In 1972, the 27-year-old Eton-educated Birendra became king after his father’s untimely death, and in 1979, he held a referendum to choose between the Panchayat system and a multiparty one. The former garnered 55% of the votes, while the multiparty faction received 45 percent. Of course, the latter were unhappy with the result, and they continued pushing for change. In early 1990, over 200,000 people demonstrated on the streets of the capital. They were met by bullets and tear gas, and thousands were arrested. On April 9, the king conceded to lifting the ban on political parties, and on April 16, he agreed to become a constitutional monarch. An interim government was formed by the opposition.
Some years later, in 1996, the Maoists, who were thoroughly disenchanted by the corrupt practices of those in power, declared a 'people's war', which began in the poverty-stricken regions of far-west Nepal. It was an insurgency that steadily gathered momentum throughout the country. Then, on June 1, 2001, an event occurred that shocked not only all Nepalis, but the entire world. At one of the regular family gatherings in the Narayanhiti Palace in Kathmandu, Crown Prince Dipendra apparently gunned down most members of the royal family, sparing just a few. To add to this grief, the political situation in the country turned from bad to worse, with personal enrichment becoming the norm for politicians, and the Maoist war raging unabated in the countryside.
Thus it was that, in February 2005, King Gyanendra, one of the survivors of the palace massacre along with his family, and who had been crowned king, declared a state of emergency and dissolved parliament. He gave his word that there would be return to democracy within three years, but he wasn’t to have that time. In April 2006, following massive and sustained demonstrations, he was compelled to restore parliament, and the very next month, the first promulgation of the reinstated parliament was to reduce him to a figurehead without any powers. Later, that year, the government succeeded in forging a peace deal with the Maoists, who then went on to win in the ensuing election held on April 10, 2008. One month later, the new parliament voted to abolish monarchy (560 votes to four), and a new government was formed under Maoist leader Pushpa Kamal Dahal (a.k.a. Prachanda).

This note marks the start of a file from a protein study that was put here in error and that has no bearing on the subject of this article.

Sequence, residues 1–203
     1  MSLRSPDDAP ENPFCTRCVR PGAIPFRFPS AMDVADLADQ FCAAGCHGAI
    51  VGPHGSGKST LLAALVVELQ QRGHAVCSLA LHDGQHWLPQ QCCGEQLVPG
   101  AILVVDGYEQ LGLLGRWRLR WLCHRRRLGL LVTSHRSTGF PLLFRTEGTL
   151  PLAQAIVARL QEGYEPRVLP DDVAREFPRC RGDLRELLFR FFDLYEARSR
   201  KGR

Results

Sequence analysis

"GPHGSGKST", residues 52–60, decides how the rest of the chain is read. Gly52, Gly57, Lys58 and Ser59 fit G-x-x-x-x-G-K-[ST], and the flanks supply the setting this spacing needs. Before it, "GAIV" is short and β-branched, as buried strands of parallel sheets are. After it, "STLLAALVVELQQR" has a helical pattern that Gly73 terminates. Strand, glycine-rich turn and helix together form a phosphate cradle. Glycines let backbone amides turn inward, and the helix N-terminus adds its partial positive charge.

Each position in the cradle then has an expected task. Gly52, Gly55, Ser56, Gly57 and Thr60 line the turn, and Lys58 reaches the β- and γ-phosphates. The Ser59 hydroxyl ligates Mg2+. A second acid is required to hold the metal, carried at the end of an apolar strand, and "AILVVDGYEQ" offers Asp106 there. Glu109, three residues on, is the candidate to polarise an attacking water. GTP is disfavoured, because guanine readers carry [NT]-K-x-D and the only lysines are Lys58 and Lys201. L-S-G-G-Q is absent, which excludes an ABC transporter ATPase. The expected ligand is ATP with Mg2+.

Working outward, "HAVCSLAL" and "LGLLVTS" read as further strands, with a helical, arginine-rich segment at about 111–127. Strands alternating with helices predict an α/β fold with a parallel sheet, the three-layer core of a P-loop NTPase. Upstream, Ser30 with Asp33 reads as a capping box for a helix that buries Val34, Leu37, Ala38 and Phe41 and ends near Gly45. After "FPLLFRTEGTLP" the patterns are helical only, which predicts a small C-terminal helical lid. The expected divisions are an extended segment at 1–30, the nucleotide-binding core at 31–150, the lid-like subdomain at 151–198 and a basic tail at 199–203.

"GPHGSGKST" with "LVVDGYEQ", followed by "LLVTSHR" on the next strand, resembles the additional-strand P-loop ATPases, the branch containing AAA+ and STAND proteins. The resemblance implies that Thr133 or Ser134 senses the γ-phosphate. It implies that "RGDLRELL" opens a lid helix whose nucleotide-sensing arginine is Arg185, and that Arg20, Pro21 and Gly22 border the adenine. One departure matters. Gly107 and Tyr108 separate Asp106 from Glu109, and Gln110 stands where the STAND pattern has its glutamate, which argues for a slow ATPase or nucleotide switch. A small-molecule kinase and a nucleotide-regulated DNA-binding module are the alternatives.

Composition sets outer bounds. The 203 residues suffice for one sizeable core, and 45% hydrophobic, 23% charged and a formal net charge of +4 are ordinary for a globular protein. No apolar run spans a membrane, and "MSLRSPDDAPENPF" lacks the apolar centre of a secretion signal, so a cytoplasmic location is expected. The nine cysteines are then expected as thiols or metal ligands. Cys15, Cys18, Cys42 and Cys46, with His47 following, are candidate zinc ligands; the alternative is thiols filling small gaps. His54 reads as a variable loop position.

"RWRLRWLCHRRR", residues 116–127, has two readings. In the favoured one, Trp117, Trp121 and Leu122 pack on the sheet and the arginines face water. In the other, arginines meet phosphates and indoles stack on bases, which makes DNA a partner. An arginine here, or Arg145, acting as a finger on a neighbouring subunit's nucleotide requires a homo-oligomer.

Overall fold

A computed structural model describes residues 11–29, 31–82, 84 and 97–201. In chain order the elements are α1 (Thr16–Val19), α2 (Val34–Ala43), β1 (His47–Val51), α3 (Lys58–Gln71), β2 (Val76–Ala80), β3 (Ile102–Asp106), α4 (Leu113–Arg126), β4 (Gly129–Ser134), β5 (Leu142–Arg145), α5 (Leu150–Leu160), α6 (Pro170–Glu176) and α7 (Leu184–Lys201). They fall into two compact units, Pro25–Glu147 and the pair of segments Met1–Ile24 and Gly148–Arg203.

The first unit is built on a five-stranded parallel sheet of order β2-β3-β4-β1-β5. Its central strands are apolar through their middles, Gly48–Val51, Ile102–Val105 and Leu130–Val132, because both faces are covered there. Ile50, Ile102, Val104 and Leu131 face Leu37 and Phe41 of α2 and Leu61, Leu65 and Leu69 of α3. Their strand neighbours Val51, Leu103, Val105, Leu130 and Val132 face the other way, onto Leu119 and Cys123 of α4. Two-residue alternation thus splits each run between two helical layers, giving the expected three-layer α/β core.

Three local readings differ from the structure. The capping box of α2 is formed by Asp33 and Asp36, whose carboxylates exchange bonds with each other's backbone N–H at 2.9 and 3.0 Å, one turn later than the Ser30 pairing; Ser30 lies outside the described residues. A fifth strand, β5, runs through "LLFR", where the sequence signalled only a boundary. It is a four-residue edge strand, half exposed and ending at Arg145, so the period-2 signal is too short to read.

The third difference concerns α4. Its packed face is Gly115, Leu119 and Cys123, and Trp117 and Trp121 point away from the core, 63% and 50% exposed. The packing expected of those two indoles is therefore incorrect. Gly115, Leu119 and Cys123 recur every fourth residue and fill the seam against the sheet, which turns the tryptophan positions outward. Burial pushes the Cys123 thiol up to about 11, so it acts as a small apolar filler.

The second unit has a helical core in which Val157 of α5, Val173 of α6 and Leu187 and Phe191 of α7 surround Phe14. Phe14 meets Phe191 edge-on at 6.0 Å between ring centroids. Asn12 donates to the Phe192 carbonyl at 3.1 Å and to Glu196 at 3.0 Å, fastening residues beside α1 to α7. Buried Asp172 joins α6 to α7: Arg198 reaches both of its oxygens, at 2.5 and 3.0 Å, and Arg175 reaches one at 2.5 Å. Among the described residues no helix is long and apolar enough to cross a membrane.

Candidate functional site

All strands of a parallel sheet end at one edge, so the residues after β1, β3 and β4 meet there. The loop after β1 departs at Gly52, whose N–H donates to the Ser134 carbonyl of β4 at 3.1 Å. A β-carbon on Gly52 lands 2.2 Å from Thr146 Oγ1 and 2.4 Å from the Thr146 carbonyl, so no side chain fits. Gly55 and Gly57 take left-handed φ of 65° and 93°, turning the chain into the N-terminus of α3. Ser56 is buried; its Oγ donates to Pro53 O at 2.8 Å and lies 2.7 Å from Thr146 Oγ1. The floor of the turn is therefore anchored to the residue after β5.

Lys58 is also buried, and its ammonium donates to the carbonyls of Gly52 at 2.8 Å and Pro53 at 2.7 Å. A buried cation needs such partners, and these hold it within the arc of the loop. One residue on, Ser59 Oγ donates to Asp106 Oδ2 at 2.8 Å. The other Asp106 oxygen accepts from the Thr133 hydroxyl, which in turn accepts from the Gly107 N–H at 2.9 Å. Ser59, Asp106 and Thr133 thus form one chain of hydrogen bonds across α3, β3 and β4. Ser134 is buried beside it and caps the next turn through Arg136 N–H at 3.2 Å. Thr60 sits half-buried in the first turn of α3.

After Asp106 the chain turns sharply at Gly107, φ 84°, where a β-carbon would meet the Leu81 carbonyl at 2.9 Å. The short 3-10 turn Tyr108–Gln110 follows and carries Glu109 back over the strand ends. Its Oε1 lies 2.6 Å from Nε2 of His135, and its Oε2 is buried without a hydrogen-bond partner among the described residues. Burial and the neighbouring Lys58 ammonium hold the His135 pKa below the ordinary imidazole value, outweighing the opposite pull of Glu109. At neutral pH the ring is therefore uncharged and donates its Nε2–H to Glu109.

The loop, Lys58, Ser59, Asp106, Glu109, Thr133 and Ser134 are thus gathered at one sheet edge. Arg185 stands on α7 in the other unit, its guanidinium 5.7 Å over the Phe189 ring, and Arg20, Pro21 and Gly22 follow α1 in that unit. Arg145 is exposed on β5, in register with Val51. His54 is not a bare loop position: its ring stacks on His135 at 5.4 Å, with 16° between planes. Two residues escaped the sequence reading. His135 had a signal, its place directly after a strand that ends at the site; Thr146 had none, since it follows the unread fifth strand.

Well, as is obvious, new pages are being added to Nepal’s history with amazing rapidity. The country has a new name now: Federal Democratic Republic of Nepal. The Constitutional Assembly elections that were held for the first time some six years ago put over 600 members in the Assembly. However, in its four year’s mandated time, it couldn’t come up with a new constitution, and another election had to be called for. This time around, the major parties in the Assembly agreed to act as one in ensuring that a new constitution was made, which they did some months ago. But, instead of improving the situation, it has led to a complete shutdown of the country, with the Terai (Madhesh) parties crying foul that the agreements with them have not been honored, and resorting to a continuous bandh (shutdown) for the last two months, along with blockage of the major transit points with India, resulting in acute shortage of fuel, especially, in the country. There’s a general feeling that India is hand in glove in ensuring the success of the blockade.
As in 1950, when it was the capital of the revolutionary Nepali Congress provisional government, Birgunj, today, is also the focal point of the Madhesh movement, it being by far the most important transit point with India. And, interestingly, Kerung, from where Chinese troops once invaded Nepal in 1792, has become a focal point for opening trade routes to China, so as to reduce the dependency on India. History has a peculiar way of bringing up old scenarios to the forefront again.